These withdrawal symptoms are often a major roadblock for opioid addicts who are trying to stop using. Opioid withdrawal has been compared to a severe case of the flu, often making people believe they’re dying.
“Because of the negative mental, emotional, and physical symptoms related to withdrawal, people are often driven to seek out and use drugs again,” says Dr. Jonathan Harris, the corporate director of neurocognitive services at Caron Treatment Centers.
There are currently three medications available to help treat opioid addiction: buprenorphine, methadone, and naltrexone. The former two are also opioids, but they don’t deliver the same high as drugs like heroin. They’re intended to help patients quit deadlier opioids and gradually quit drugs entirely. But withdrawal symptoms are severe for these treatment drugs as well, and 40-60% of patients relapse after treatment.
It’s also common for patients to have difficulty getting medication-assisted treatment because all opioids must first be flushed from a patient’s system in order to avoid side effects. People often relapse before this goal can be achieved. Many also fear the pain of withdrawal and decide not to seek treatment.
The NSS-2 Bridge device seeks to address these problems and help clear the path to recovery. Patients can use the device for up to five days during the “acute physical withdrawal phase.” Controlling these symptoms may make it easier for patients to stick with a recovery program and regain their sobriety.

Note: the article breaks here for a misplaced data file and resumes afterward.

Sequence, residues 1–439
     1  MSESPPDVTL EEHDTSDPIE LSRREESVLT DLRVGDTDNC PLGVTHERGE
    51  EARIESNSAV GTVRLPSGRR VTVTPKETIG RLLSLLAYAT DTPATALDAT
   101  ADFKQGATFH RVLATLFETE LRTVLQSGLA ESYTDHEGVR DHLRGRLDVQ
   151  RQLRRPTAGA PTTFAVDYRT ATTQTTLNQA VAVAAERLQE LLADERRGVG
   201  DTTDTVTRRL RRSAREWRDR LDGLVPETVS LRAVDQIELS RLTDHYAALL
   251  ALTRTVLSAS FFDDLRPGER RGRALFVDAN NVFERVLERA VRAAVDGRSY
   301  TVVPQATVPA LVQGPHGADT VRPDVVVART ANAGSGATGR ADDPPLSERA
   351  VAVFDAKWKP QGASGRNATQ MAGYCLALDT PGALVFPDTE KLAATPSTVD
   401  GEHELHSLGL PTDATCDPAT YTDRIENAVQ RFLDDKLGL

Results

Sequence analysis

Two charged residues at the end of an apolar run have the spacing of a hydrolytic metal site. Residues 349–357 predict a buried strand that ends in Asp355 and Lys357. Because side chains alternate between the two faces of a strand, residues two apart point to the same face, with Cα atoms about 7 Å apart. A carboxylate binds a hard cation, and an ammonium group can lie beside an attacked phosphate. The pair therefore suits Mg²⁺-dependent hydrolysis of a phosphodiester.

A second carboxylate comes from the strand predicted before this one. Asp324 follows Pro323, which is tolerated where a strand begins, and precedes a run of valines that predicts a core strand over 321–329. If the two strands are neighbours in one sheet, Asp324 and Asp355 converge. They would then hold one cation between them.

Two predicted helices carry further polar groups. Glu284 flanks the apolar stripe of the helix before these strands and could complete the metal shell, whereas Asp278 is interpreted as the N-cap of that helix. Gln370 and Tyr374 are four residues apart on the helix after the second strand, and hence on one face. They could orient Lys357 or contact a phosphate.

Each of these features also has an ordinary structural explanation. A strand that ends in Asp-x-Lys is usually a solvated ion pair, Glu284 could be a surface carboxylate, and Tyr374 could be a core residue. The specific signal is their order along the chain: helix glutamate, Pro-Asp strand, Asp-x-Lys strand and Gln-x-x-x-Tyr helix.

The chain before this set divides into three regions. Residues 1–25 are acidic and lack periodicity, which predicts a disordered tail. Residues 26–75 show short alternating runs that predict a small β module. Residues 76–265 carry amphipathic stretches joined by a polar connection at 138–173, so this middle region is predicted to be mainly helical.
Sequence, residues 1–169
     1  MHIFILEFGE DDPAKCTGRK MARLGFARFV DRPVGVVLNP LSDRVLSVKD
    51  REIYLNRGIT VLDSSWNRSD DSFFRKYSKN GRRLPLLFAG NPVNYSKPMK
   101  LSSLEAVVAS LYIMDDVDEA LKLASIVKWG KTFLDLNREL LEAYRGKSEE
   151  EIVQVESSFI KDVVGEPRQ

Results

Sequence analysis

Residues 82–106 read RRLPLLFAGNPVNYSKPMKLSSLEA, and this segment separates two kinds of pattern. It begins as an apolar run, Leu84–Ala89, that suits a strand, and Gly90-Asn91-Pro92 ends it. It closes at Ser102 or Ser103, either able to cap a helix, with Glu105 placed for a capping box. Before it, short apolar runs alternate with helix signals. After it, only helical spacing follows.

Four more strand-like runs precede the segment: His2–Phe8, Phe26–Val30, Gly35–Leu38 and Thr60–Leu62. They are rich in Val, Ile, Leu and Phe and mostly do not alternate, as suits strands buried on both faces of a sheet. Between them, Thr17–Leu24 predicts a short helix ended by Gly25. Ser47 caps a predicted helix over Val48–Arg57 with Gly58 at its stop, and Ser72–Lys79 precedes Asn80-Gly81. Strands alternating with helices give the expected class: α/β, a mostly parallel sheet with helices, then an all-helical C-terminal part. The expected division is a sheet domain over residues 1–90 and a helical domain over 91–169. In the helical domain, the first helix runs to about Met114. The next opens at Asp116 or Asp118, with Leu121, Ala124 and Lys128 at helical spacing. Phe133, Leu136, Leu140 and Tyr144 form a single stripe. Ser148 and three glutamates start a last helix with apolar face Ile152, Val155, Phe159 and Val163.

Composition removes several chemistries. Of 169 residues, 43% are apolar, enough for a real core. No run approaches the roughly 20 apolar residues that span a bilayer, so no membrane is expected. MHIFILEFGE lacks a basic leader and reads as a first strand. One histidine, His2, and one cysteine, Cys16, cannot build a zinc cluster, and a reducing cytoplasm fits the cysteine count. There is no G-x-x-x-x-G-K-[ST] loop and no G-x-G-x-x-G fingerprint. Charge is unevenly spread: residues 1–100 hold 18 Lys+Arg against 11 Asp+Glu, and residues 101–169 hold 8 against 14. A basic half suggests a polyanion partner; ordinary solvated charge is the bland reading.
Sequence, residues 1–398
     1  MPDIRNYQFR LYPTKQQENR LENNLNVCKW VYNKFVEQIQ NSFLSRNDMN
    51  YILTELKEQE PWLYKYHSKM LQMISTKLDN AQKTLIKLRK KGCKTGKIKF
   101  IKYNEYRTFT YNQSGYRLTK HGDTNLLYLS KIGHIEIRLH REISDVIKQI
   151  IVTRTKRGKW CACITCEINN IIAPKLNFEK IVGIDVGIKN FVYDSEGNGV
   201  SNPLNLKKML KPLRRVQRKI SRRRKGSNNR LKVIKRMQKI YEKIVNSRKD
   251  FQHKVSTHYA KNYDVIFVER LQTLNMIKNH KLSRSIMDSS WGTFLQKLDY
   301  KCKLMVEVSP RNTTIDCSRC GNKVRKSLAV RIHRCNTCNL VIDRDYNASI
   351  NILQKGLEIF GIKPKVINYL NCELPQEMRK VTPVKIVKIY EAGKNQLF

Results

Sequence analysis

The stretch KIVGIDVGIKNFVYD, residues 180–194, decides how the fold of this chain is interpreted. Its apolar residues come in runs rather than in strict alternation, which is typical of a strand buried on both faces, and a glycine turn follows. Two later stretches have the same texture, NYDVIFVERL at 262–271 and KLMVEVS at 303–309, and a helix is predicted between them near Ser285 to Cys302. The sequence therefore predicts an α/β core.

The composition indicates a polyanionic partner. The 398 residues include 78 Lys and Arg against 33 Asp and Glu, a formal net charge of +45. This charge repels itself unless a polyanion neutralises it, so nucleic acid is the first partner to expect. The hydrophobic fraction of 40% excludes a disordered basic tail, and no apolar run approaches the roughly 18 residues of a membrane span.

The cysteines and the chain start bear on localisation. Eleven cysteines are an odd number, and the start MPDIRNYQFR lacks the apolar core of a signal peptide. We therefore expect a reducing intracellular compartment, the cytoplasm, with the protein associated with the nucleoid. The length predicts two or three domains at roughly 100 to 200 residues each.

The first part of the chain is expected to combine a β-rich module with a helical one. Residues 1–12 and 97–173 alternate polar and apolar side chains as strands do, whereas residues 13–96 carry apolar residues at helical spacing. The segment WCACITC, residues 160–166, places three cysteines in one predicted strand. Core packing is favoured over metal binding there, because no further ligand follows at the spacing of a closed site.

Studies have also shown that VNS may reduce drug cravings and drug-seeking behaviors. In January of 2017, researchers at the University of Texas at Dallas School of Behavioral and Brain Sciences discovered that cocaine-addicted rats who were treated with VNS therapy significantly reduced their drug-seeking behaviors.
The researchers explain that VNS therapy helped trigger changes in synaptic plasticity between the rats’ prefrontal cortex and the amygdala. By reducing cravings and encoding new reward behaviors, VNS appeared to facilitate “extinction learning” of the rats’ previous drug-seeking behaviors.
Human studies on this effect haven’t yet been conducted, but it’s a prospect that will likely be explored more in the future.
More Info About the NSS-2 Bridge Device
As mentioned above, patients must have a prescription in order to use the NSS-2 Bridge device. It’s not recommended for patients with hemophilia, cardiac pacemakers, or psoriasis vulgaris. Most doctors charge $600-$1500 to attach it to a patient’s ear.
The device has already garnered attention. A judge in Indiana allows heroin addicts to choose the NSS-2 Bridge device over jail, and state officials in Utah plan to buy 100 devices for inmates. It was even mentioned in Ohio governor John Kasich’s State of the State address.
Does It Really Work?
Of course, the real question is whether or not VNS therapy is truly effective when it comes to treating opioid withdrawal.
The FDA used a single clinical study to approve the NSS-2 Bridge device. 73 patients who were undergoing opioid physical withdrawal used the device for five days, along with any medication needed to treat persistent symptoms such as nausea and vomiting.